Today is the feast day of Saint Palladius. Ora pro nobis.
The name Palladius marks Saint Palladius as a Roman; and a seventh century Irish biography of Saint Patrick identifies him as Archdeacon of the Roman Church under Pope Celestine. Saint Prosper of Aquitaine, his contemporary, informs us in his historical chronicle that when Agricola, a noted Pelagian, had corrupted the churches of Britain by introducing that pestilential heresy, Pope Celestine, at the instance of Palladius the deacon, in 429 sent there Saint Germanus, Bishop of Auxerre, as his legate. He, after having ejected the heretics, brought back the Britons to the Catholic faith. (1)
‘Palladius was dispatched to the Irish Christians at about the same time as Germanus of Auxerre was sent to the Christians in Britain. Germanus had been dispatched to Britain in AD 429 to combat the heretical teachings of Pelagius. Active from around the year 400, Pelagius was a British monk who had developed a doctrine of human free will. Since this conflicted with the Catholic doctrine of grace, Pelagius was declared a heretic in 418. In his Ecclesiastical History Bede tells us that Germanus had refuted Pelagianism in Britain through the healing power of relics (H.E. 1, 17ff.). A similar function could be attributed to the relics Palladius brought to Ireland. If this was the case, it would indicate that Rome assumed a rather highly-developed level of Christianity amongst the Irish. (2)
” The Vita Secunda, Life of St. Patrick in Colgan’scollection, adds further interesting details: “The most blessed Pope Celestine ordained Bishop the Archdeacon of the Roman Church, named Palladius, and sent him to the Island of Hibernia, after having committed to him the relics of Blessed Peter and Paul and other Saints, and having also given him the volumes of the Old and New Testament. Palladius, entering the land of the Irish, arrived at the territory of the men of Leinster where Nathi Mac Garchon was chief, who was opposed to him. Others, however, whom the Divine mercy had disposed toward the worship of God, having been baptized in the name of the sacred Trinity, the blessed Palladius built three churches in the same district; one, which is called Cellfine, in which even to the present day, he left his books which he had received from St. Celestine, and the box of relics of blessed Peter and Paul and other Saints, and the tablets on which he used to write, which in the Irish language are called from his name Pallere, that is, the burden of Palladius, and are held in veneration. Another, Tech-na-Roman, and the third, Domnach Arcdec, in which are buried the holy men of the companions of Palladius, Sylvester and Sallonius, who are honoured there. After a short time Palladius died in the plain of Girgin in a place which is now called Fordun. but others say that he was crowned with martyrdom there.” Another ancient document, known as the Vita Quinta in Colgan’swork, repeats the particulars given here relating to the foundation of three churches, and adds: “But St. Palladius, seeing that he could not do much good there, wishing to return to Rome, migrated to the Lord in the region of the Picts.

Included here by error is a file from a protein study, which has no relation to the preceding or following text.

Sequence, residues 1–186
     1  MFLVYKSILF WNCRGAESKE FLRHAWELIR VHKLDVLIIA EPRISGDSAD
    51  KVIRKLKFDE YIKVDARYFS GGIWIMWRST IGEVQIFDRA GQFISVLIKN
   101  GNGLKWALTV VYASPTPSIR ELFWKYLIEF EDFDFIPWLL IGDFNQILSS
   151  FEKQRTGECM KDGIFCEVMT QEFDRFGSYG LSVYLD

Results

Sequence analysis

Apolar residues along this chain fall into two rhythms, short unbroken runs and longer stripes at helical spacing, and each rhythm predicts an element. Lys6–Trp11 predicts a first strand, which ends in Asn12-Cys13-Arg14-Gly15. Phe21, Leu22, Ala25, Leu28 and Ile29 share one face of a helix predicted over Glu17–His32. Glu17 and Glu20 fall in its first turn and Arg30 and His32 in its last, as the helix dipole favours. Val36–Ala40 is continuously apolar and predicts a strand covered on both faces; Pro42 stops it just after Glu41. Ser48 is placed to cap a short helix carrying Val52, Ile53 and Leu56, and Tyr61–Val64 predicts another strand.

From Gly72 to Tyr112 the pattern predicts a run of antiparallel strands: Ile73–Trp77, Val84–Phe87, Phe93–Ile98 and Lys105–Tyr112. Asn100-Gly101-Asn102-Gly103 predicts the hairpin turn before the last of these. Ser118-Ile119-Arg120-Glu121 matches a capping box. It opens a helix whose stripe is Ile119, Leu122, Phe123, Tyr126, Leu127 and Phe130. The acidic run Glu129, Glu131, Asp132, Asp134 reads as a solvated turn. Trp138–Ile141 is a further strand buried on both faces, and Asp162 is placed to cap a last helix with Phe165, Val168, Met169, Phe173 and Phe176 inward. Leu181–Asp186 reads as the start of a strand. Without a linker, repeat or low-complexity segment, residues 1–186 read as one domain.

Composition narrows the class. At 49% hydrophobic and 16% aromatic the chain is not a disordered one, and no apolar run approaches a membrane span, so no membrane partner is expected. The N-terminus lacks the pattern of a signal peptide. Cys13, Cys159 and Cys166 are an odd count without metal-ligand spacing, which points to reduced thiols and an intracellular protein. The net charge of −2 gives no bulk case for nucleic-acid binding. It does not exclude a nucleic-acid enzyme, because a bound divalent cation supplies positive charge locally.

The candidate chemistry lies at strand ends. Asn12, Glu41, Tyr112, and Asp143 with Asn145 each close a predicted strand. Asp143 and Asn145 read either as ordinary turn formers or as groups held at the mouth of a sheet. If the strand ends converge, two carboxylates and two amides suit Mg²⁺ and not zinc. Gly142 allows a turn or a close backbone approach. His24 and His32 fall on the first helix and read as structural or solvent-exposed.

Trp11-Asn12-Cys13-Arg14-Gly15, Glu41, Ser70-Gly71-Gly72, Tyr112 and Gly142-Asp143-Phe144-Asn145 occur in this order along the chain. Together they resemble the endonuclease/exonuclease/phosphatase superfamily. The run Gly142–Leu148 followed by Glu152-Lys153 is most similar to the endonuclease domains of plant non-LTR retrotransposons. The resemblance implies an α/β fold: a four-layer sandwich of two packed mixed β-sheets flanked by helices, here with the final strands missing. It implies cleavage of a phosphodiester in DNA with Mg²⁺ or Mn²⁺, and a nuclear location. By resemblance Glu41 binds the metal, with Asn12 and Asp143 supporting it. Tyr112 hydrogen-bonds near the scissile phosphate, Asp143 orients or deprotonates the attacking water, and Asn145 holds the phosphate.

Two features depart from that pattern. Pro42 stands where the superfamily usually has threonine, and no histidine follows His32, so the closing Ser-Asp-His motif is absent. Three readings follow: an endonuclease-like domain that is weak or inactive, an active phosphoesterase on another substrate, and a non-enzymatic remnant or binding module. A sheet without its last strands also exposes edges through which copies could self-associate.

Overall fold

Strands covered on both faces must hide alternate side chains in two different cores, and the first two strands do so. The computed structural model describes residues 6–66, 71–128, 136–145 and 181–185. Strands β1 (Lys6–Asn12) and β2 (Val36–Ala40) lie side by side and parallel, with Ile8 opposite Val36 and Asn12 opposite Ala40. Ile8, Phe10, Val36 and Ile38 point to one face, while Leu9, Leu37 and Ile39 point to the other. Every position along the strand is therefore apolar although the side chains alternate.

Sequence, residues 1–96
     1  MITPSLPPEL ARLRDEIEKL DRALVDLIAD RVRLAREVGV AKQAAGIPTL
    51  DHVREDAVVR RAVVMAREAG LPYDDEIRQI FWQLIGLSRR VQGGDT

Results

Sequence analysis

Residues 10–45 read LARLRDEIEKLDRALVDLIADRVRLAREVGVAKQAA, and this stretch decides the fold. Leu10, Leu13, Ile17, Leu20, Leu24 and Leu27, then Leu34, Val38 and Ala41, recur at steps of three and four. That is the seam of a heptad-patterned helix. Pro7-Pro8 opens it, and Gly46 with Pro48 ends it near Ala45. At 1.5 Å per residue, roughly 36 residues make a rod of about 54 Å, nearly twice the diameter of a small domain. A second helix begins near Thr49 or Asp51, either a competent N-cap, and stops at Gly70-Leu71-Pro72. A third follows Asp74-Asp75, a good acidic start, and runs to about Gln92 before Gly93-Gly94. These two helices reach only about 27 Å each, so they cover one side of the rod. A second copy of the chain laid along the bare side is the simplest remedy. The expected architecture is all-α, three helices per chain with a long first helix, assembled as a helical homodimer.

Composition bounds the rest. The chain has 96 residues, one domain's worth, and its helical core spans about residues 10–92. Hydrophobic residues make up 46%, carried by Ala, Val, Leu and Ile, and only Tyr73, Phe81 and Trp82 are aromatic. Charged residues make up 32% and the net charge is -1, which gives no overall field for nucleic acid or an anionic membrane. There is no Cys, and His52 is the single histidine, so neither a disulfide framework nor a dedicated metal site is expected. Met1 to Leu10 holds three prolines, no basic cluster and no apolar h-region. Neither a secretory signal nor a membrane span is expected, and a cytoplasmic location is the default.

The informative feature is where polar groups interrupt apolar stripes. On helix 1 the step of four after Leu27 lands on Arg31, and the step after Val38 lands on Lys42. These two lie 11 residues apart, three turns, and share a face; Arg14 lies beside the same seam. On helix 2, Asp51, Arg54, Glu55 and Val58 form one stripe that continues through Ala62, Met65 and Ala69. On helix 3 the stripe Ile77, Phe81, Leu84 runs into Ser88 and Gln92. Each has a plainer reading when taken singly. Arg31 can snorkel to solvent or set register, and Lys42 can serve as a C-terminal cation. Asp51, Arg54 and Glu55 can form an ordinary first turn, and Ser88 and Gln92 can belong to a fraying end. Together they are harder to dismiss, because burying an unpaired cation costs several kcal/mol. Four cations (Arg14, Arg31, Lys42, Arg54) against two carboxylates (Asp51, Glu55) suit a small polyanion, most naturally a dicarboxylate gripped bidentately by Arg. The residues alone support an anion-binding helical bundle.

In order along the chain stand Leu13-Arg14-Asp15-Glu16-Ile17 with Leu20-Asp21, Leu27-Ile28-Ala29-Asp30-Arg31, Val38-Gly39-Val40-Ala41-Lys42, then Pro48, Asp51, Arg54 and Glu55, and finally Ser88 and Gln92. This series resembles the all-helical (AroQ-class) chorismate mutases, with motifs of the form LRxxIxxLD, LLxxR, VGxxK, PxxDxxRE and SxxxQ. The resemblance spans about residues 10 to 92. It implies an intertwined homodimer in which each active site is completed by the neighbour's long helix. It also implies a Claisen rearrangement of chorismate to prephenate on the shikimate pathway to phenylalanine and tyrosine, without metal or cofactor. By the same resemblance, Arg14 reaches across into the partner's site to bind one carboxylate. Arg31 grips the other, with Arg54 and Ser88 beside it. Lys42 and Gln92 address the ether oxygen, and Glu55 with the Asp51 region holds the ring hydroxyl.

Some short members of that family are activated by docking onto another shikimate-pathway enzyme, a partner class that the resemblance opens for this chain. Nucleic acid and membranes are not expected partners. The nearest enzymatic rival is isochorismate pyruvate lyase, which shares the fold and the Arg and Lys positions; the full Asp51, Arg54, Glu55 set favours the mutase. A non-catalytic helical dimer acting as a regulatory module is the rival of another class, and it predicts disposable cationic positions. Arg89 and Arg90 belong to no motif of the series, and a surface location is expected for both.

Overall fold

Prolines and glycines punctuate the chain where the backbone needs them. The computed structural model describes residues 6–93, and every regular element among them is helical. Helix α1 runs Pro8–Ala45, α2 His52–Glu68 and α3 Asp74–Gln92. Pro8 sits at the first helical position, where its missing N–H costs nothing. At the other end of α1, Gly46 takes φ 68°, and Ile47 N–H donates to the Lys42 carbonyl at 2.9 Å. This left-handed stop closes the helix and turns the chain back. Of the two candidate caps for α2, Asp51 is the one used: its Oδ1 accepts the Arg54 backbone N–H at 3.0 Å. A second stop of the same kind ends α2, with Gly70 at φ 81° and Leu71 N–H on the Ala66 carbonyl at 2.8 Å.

The saint died at Fordun, the capital town of the little county of Mernis, fifteen miles from Aberdeen to the south, about the year 450. His relics were preserved with religious respect in the monastery of Fordun, as Hector Boetiu and Camden testify. In the year 1409, William Scenes, archbishop of St. Andrew’s and primate of Scotland, enclosed them in a new shrine enriched with gold and precious stones. (4)
It is easy to conceive how painful and laborious the mission of this saint must have been; but where there is ardent love, labour seems a pleasure, and either is not felt or is a delight. It is a mark of sloth and impatience for a man to count his labours, or so much as to think of pains or sufferings in so glorious an undertaking. St. Palladius surmounted every obstacle which a fierce nation had opposed to the establishment of the kingdom of Jesus Christ. Ought not our hearts to be impressed with the most lively sentiments of love and gratitude to our merciful God, for having raised up such great and zealous men, by whose ministry the light of true faith has been conveyed to us. (4)
Research by REGINA Staff